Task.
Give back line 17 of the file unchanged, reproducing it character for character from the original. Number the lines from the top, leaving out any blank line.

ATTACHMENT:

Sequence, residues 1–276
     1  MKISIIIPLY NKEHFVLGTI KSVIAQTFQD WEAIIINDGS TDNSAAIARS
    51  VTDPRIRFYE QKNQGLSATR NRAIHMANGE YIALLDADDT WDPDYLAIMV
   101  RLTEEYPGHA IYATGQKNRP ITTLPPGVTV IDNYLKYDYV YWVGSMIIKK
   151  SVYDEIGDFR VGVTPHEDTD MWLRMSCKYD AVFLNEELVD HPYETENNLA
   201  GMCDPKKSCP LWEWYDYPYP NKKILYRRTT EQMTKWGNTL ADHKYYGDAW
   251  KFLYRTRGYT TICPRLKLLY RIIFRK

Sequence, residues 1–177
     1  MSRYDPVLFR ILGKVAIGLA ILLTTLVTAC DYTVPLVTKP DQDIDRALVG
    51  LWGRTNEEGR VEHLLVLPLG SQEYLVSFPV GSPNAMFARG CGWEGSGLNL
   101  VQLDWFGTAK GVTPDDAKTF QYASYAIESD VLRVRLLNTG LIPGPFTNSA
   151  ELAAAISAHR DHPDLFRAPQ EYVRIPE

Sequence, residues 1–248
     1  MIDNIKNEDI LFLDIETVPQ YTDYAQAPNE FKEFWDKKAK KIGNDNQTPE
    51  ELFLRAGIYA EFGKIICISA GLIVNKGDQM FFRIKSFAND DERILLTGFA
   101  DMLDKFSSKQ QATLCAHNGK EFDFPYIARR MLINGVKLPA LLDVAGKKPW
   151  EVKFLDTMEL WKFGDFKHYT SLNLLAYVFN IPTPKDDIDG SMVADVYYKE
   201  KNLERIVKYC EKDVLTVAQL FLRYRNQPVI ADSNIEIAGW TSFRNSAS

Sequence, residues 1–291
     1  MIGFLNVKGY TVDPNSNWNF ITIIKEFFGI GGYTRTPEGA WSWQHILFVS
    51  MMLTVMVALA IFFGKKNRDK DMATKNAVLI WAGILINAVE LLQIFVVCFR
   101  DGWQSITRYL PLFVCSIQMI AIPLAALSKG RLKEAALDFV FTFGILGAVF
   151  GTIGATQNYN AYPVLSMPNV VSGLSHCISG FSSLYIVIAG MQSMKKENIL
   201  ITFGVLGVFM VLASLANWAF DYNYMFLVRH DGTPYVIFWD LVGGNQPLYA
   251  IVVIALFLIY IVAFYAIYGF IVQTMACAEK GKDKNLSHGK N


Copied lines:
   151  EVKFLDTMEL WKFGDFKHYT SLNLLAYVFN IPTPKDDIDG SMVADVYYKE